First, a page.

Home > Apothecary Supplies > Carriers-Bases >

Chaulmoogra Oil

Chaulmoogra Oil
quantity in basket: none
code: 61085


Latin Binomial: Taraktogenos kurzii
Plant Part: Seed
Extraction: Cold Pressed
Growing Practice: Ethical
Country of Origin: India

Refractive Index: 1.471 @ 20.00 °C.
Specific Gravity: 0.959 @ 20.00 °C.
Appearance: pale yellow or brownish yellow
BioChemicals: chaulmoogric acid (crystalline, C18H32O2) and hydnocarpic (C18H28O2)(unsaturated fatty acids)

palmitic acid
Melting Point °C: 22-30°C
Saponification Value: 198-213
CAS No: 8001-74-9

Chaulmoogra oil (also spelled Chalmogra) is extracted by cold pressing from the seeds of trees in the genus Hydnocarpus in the Family Flacouriaceae. It is now known that Taraktogenos kurzii (per GRIN a synonym for Hydnocarpus kurzii) is the species that produces the authentic oil. The INCI name is apparently Hydnocarpus laurifolia. According to the FAO, Chaulmoogra oil is also called Maroti oil, Hydnocarpus oil, or Gorli seed oil.

There are about 40 species of Hydnocarpus found in rain forests from India to the Phillipines and Celebes. The flowers are unisexual and small, producing large (3 in.), globose, woody, indehiscent fruits that contain 10-16 seeds set in the pulp, accounting for about 20% of the fruit weight. In India the harvesting period is August to September. The seeds are pretreated by removing the outer covering and the oil is pressed out by traditional methods or small expellers.

Production is about 50 lb. of seeds per year per tree. The kernels are about 60-70% of the seed weight and contain 63% pale yellow oil.

The fatty acids in the oil are not straight chain fatty acids but have a cyclic group at the end of the chain.

Hydnocarpus kurzii is listed on the IUCN Red List of Threatened Species as "Data Deficient" based on a report from 1997 that "the species has declined by 50% in population numbers in the last 10 years." It is not clear if this is the same species, since there seems to be some confusion among H. kurzii, T. kurzii, and H. laurifolia as well as H. wightiana and other related species which are listed in various references with various differing ranges.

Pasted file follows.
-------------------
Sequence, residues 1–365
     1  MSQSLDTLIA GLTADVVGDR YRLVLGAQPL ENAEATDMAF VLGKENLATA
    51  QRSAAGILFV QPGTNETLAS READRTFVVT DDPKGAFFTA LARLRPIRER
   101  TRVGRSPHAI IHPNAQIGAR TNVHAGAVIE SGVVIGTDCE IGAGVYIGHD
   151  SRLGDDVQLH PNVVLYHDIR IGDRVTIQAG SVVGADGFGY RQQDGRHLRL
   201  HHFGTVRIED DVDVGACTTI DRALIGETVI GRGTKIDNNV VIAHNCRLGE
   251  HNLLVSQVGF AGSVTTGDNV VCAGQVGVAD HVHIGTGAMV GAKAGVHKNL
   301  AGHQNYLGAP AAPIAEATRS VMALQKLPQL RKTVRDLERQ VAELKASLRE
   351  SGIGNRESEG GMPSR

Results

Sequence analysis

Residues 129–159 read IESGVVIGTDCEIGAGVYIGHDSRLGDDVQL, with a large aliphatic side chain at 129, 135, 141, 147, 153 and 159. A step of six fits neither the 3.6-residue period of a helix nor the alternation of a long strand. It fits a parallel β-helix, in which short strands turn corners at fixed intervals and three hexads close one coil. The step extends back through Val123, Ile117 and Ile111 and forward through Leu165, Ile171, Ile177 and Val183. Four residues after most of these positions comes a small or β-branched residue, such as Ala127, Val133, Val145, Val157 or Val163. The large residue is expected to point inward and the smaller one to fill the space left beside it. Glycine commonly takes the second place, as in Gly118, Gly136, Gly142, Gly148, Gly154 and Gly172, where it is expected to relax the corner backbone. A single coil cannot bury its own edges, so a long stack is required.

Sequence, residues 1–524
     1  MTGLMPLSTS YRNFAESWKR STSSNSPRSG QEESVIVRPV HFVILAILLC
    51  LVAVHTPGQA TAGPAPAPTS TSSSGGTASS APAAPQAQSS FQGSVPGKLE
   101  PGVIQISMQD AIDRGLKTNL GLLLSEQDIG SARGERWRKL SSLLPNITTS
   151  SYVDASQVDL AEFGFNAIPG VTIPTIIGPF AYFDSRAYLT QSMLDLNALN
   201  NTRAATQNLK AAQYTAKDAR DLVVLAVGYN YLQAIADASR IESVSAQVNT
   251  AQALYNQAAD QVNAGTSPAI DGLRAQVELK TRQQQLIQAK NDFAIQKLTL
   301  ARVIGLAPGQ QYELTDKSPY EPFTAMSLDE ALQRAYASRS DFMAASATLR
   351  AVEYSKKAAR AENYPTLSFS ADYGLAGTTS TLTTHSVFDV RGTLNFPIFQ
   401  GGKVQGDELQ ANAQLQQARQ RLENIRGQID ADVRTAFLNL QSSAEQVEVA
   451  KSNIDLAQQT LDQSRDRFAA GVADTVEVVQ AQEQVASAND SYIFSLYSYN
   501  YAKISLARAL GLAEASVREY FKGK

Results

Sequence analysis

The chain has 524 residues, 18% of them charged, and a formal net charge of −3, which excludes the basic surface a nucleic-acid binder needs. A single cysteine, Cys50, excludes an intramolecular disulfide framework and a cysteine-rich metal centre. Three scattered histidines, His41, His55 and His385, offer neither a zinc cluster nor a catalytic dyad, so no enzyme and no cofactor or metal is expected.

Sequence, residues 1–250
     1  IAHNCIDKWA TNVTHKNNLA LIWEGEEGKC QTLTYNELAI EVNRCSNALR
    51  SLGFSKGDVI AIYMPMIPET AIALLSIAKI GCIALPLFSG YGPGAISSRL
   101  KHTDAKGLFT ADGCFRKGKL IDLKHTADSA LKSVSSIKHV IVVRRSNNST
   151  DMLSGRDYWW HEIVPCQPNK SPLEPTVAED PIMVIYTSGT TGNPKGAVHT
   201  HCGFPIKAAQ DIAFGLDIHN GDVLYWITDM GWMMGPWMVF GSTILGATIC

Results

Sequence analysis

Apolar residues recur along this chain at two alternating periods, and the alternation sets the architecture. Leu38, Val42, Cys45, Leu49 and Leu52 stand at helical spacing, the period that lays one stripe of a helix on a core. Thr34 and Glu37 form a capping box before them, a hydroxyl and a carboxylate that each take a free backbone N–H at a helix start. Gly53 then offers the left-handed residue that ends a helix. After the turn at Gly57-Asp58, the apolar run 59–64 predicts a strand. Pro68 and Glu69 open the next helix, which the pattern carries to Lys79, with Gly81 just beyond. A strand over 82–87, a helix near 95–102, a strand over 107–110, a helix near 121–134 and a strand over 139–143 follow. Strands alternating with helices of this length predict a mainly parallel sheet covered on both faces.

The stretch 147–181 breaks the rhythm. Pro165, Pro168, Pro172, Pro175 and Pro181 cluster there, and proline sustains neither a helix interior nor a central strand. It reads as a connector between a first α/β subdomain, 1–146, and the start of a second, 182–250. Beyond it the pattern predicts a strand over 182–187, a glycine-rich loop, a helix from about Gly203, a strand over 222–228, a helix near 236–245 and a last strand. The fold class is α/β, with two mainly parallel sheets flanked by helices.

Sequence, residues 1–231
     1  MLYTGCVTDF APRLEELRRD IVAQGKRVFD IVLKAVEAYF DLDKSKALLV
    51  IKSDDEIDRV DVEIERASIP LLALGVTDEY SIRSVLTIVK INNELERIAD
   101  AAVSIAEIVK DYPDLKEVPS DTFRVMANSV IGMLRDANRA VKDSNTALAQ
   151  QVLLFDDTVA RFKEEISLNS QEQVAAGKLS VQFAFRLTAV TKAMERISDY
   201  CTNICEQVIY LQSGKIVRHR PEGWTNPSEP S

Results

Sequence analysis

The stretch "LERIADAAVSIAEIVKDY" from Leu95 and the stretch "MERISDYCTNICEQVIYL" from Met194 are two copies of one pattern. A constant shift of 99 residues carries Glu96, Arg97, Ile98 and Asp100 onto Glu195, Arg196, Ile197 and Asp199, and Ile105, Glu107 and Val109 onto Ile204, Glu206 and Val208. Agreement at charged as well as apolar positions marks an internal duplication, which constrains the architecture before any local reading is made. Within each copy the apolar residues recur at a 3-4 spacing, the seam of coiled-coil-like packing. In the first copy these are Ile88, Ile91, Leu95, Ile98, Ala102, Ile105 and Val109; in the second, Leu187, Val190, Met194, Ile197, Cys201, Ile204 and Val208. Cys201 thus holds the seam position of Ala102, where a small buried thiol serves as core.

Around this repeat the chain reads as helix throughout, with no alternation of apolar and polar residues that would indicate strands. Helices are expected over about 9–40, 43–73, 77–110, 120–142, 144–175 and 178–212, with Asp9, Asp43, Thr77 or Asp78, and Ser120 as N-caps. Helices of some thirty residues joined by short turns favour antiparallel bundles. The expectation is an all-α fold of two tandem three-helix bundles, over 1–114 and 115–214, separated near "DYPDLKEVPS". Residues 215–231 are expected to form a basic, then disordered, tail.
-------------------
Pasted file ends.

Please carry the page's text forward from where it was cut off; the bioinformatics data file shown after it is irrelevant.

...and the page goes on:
Citation: CAMP Workshops on Medicinal Plants, India 1998. Hydnocarpus kurzii. In: IUCN 2011. IUCN Red List of Threatened Species. Version 2011.1. . Downloaded on 20 June 2011.

Use as additive, base, or Carrier oil.

Used for chronic skin disease, wounds, ulcers, rheumatism, sprains, sciatica.

Formerly used to treat leprosy.

Chaulmoogra oil has an interesting but not unpleasant odor which may need to be overcome when used as the principle component of a cosmetic formulation.

Chaulmoogra oil was used in China to treat leprosy from the 14th century or earlier. In 1854 a British doctor, Frederic John Mouat who was working in Calcutta reported that it might be useful in treating leprosy, and by the 1920s Chaulmoogra oil or its derivatives were the principle treatment available, but were not without difficulties because of the need to take it internally (causing nausea) or inject it subcutaneously (causing pain). Eventually Alice Ball, an African-American woman working at the college of Hawaii discovered that the ethyl esters of the fatty acids could be made and were suitable for injection. Unfortunately she died before she gained recognition for the work, but a plaque in her honor has now been placed on the campus of the University of Hawaii-Manoa honoring her work.

The treatment was used widely during the 20s and 30s, but in 1942 its efficacy was challenged by some physicians, and in the 1940s it was discovered that sulfones were effective against leprosy and they became the treatment of choice. John Parascandola closes his history with: "As for Chaulmoogra oil, by the 1950s it had essentially become just a colorful relic of pharmacy's past."

This paper presents in full the interesting history summarized above of Chaulmoogra Oil as a leprosy Treatment.

Gastro-intestinal irritant. For External Use Only. Solid at Room temperature. Warm with hot water to liquefy.

Generally considered to be of low hazard for skin care, although no believable specific information was found.

{There is a lot of obviously inaccurate information about Chaulmoogra Oil on the Web.)

The information provided on these pages is not a substitute for necessary medical care, nor intended as medical advice. Always keep carriers and bases tightly closed and in a cool, dark place, out of reach of children. If redness or irritation occurs when applied to the skin, stop using immediately and contact your health provider if necessary.